When it comes time for recommendations, the authors state: “The decision to begin reading instruction in braille or in print is difficult in this situation and, indeed, cannot be made at this time.” We must wait, they tell us, until a clear pattern emerges that will indicate Kevin’s most efficient reading medium. It is important to allow enough time for this to become evident, the authors inform us, even if Kevin is older when a determination is made. They go on to suggest that if a clear pattern has not emerged by mid-first grade, Kevin should be taught to read…in print (Pp 45- 48)
I suppose decisions like this make sense when you can make a blanket statement, as appears on page 59, that “it is likely that a student with a visual impairment will read at a slower overall reading rate…” To be fair, I should mention that the authors do not rule out braille for Kevin. They just relegate it to a position of an option, a possibility, a supplement, something that might be taught, sometime, at some later date.
Also to be fair, I should point out that there is a section in the manual called “Benefits of Braille Reading and Writing.” It is an appendix to the book and consists of five bulleted points, a total of 82 words—counting a, an, and the. In a book of 220 pages, 82 words on the benefits of braille.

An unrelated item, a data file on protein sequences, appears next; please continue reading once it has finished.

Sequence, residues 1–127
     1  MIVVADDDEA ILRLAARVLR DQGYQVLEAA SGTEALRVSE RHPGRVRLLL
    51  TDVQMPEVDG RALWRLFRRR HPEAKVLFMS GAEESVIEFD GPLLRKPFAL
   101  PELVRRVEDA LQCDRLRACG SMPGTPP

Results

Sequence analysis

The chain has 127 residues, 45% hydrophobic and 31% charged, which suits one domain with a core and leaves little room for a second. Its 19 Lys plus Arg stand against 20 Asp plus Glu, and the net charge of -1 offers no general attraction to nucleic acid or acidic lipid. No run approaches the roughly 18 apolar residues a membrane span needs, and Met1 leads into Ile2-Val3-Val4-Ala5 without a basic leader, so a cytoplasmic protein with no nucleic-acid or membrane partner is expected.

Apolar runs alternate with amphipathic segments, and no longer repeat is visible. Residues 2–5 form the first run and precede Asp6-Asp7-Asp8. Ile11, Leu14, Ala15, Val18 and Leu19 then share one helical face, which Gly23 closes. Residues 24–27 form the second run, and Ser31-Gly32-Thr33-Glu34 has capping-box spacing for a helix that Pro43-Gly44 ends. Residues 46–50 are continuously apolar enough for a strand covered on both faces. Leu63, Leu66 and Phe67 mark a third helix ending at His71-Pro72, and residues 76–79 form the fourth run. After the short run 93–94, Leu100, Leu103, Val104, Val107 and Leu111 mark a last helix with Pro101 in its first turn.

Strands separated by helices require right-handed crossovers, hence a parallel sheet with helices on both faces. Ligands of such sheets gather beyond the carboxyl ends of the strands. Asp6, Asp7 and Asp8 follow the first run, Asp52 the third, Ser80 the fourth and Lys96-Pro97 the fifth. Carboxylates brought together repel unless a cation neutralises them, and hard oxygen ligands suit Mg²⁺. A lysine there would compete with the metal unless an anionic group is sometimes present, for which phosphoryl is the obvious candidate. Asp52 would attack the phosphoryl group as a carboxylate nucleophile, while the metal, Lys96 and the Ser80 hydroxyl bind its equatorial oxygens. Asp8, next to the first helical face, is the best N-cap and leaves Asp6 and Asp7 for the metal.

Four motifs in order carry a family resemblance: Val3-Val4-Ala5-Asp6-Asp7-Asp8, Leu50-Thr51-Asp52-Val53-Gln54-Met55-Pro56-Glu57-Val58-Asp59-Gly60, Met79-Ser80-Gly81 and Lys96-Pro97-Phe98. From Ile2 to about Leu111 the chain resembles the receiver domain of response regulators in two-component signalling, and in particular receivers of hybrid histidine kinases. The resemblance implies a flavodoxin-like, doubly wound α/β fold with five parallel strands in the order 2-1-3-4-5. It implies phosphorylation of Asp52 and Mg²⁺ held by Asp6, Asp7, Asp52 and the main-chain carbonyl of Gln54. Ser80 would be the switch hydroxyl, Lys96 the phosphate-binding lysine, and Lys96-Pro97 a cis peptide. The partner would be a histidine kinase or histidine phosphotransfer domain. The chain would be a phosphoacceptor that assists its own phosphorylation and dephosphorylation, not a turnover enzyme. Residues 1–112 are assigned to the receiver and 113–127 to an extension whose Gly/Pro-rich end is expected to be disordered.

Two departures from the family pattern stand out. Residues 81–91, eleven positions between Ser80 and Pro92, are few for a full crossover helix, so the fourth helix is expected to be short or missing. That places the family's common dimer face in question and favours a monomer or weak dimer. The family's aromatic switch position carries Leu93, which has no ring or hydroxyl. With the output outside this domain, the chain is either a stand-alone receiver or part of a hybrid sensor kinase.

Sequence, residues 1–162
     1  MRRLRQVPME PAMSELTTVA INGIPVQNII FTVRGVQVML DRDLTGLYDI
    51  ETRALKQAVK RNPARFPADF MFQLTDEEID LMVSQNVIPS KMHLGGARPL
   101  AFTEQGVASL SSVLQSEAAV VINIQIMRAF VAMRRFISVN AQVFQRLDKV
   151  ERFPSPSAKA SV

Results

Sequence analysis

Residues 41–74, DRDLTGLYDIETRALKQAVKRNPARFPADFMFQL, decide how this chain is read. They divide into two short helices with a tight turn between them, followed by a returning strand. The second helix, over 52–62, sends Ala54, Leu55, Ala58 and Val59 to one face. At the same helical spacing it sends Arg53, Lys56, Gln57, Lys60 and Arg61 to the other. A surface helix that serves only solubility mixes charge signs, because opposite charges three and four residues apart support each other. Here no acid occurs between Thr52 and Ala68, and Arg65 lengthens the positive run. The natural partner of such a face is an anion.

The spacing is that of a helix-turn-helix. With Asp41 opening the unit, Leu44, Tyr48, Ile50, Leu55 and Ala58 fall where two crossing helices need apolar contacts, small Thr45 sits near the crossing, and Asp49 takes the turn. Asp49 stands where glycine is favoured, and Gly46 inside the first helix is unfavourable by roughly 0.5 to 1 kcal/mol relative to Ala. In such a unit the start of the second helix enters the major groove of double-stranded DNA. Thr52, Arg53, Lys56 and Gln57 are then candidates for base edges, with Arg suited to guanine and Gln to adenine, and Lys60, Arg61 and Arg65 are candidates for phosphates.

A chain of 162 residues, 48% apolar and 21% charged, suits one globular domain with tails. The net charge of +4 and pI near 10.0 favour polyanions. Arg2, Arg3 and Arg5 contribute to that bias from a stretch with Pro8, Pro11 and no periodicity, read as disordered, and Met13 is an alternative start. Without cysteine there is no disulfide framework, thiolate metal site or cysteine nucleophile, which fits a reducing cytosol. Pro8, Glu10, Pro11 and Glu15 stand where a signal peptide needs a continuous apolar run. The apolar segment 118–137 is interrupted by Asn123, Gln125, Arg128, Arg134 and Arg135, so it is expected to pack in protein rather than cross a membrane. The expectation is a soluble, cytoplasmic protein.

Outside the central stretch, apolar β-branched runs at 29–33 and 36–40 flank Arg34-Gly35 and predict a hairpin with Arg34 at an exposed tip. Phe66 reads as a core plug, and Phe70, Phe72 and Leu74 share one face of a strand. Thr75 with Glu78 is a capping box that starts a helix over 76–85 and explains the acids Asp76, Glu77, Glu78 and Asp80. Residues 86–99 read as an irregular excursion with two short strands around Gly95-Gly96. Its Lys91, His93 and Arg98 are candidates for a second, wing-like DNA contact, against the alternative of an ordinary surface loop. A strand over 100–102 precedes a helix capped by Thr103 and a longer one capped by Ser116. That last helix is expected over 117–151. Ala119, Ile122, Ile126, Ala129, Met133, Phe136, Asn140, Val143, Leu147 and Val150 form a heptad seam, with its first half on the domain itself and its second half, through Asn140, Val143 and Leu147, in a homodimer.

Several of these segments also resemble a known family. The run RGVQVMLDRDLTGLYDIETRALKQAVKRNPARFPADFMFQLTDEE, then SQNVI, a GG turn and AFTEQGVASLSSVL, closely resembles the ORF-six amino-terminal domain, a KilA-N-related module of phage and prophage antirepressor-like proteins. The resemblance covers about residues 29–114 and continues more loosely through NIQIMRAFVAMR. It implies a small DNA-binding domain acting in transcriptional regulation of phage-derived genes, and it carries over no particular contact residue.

The assessment instructs teachers to observe the student doing ordinary activities and to note whether the child does them using what they call “the visual channel,” “the tactual channel,” or “the auditory channel.” The teacher then draws squares and circles to indicate the “PRIMARY sensory channel” and the “SECONDARY sensory channel.” Then she adds up all the squares and circles and Vs and Ts and As and gets the child’s “preferred sensory channel” which, we learn, is also the “most efficient learning channel,” If you ask me, the whole thing sounds more like the science fiction channel!
The “preferred sensory channel” becomes the basis for the determination of whether the child will use print or braille. Well, let me tell you that for the partially sighted child being assessed in this manner, the channel turns out to be visual and the reading medium turns out to be print.